Billeder på siden

estimation, be considered as uncalled-for interference with matters belonging to a different class of readers. We place before us the word of God; and by its undeviating line we seek to straighten our own: nor have we cause to do otherwise than most gratefully to confess, that, proportioned to the steadiness with which this tract has been pursued, have we found the success of our miscellany confirmed. We bless God for it: and to his mercy in Christ Jesus we commend both our readers and ourselves; that in whatsoever station we may respectively be placed, therein, through his guidance, we may be found faithful.

June, 1837.



JANUARY, 1837.


MANY and overpowering are the recollections excited by a glance at the tablets of former days. Perchance a leaf of an old pocket-book-perchance some lively letter, or familiar note, coming unexpectedly to hand in a search for something else, and the eye falls on a name, then in familiar use, now numbered with the things that were. The individual almost starts into life before us, just as we last beheld him, occupying his assigned place on earth, surrounded by all the ties that formed his happiness here. Another rapid movement of that mysterious engine, thought, and we shrink from the consciousness that all those ties are broken-his place knows him no more-his portion of earthly things is just so much cold clay as suffices to shroud his mouldering bones in the darkness of the tomb. The memento, so suddenly beheld, is no less suddenly laid aside; and a wish will rise that it had not intruded, when


the busy mind was in quest of somewhat that, by preoccupying it, unfitted it in a measure for the startling reminiscence.

But how different is the feeling when perhaps the same recollection of the same individual is awakened in the quiet moments of a leisurely stroll through the open space, whose boundary is the blue sky above, the green sod beneath, and the graceful forms of diversified vegetation flourishing around! There, all is in keeping though the flowers be all gone, and the sky overcast with driving clouds, it is still beautifully in keeping when the image of some lost friend flits before the mind; for “man that is born of a woman is of few days and full of trouble: he cometh forth as a flower and is cut down; he fleeth also as a shadow and continueth not." Types and allegories seem to accord, almost universally, with the taste of our species. The young child stretches his infant faculties more readily to grasp the truths conveyed by such a medium: the most unlettered of men, who could not follow a plain argument through two short sentences, will accompany Bunyan's pilgrim to the end of his journey, with evident relish of the savour with which that exquisite book is replete and in the languages of nations considered savage-the wild Indians of the woods particularly, we find little else than a compendium of tropes and figurative expressions. The Holy Scriptures need not be cited as a perfect model of this parabolic style and, look where we will, through the broad open pages of creation, dull indeed must be the eye that fails to catch the same character, pervading them in every part. For the business of life, the cares and efforts requisite to keep our worldly mat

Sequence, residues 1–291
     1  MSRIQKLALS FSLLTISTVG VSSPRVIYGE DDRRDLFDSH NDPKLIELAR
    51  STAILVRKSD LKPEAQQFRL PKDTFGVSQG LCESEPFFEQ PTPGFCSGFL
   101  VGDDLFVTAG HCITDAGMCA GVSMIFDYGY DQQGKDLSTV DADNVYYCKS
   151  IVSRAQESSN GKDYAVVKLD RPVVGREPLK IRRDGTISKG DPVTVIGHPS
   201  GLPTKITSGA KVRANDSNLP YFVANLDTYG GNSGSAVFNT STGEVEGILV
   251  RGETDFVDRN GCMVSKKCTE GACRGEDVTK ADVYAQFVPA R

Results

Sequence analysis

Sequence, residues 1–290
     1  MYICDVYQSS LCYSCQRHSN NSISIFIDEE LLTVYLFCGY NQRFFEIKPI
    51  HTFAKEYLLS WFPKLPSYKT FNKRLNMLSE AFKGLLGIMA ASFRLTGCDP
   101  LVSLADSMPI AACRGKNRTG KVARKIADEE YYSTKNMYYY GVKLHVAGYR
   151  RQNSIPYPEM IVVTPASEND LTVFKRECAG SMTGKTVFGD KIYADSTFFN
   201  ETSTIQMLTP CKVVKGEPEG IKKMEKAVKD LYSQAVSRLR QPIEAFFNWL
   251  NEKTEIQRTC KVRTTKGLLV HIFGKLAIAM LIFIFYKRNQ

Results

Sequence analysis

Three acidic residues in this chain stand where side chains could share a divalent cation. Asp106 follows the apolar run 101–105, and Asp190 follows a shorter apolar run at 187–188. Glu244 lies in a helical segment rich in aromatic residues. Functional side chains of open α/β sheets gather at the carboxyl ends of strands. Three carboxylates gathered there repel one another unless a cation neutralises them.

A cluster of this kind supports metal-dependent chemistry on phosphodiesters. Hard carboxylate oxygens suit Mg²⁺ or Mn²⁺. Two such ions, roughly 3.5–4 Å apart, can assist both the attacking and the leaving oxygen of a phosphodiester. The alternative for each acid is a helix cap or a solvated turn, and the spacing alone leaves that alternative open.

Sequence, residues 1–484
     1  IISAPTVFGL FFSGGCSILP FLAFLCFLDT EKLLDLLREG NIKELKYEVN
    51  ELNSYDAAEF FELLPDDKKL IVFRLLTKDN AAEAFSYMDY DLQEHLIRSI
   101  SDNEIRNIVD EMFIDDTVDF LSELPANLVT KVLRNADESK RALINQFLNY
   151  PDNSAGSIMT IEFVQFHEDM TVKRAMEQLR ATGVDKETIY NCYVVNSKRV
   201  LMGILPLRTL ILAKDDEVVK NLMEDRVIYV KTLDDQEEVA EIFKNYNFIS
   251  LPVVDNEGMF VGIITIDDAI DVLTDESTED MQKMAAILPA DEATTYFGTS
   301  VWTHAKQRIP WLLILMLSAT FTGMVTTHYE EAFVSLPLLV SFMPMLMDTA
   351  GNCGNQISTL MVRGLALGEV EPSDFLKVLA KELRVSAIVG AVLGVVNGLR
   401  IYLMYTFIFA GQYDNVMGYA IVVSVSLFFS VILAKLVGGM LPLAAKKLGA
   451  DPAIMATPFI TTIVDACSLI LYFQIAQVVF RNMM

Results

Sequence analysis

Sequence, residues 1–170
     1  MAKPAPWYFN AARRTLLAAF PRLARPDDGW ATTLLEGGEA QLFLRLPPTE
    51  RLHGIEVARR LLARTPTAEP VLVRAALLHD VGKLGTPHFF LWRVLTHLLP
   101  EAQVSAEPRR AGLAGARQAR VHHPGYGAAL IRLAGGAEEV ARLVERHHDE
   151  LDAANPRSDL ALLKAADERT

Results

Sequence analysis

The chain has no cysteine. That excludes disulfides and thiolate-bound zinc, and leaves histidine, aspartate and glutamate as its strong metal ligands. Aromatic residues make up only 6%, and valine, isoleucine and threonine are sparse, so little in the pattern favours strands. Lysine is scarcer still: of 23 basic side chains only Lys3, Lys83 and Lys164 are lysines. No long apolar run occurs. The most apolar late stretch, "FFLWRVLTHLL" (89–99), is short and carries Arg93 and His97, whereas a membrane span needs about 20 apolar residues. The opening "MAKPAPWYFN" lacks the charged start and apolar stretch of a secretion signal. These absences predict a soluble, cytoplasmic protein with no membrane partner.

[ocr errors]

ters even, the study, the court, the counting-house are valuable auxiliaries; but in the hour of relief from the pressure of worldly occupation, whether the bent of the mind be to joy or sorrow, to expectation or disappointment, to meditation or devotion, give me my beloved haunt-the garden-and I cannot fail of finding that which, in the absence of all human sympathy and companionship, shall charm away the loneliness of feeling; shall heighten my joy, or soothe my grief, with sweet tales of One who is never far from the heart that desires to acknowledge his sovereignty.

The season is bleak; and what between the unlooked-for snows that heralded November, and the hurricane that marked his exit, few indeed are the flowers left to bide the blasts of the closing year. But flowers I need not: my steps are arrested in the search by an object more suitable to my purpose, and near it I linger, absorbed in thoughts as sweetly solemn as ever followed the flight of a glorified spirit to its Father's bosom. A noble oak, seemingly arrived at the last stage of its natural existence, had been, I cannot say torn up, but rather broken off, with scarcely a discomposure of the earth around its roots, and there it lay, recumbent on the sod, which had yielded to its pressure, without apparent injury to either. Majestic, when last I saw it, full of life, and loaded with its leafy honours, it looked to me no less majestic, in its wintry state, leafless, and unadorned, stretched peacefully on the earth so long overshadowed by its spreading boughs. Here, then,' I mentally said, 'here let me stay my steps; for what spot so meet can I find, whereon to pause and think over my pleasant

« ForrigeFortsæt »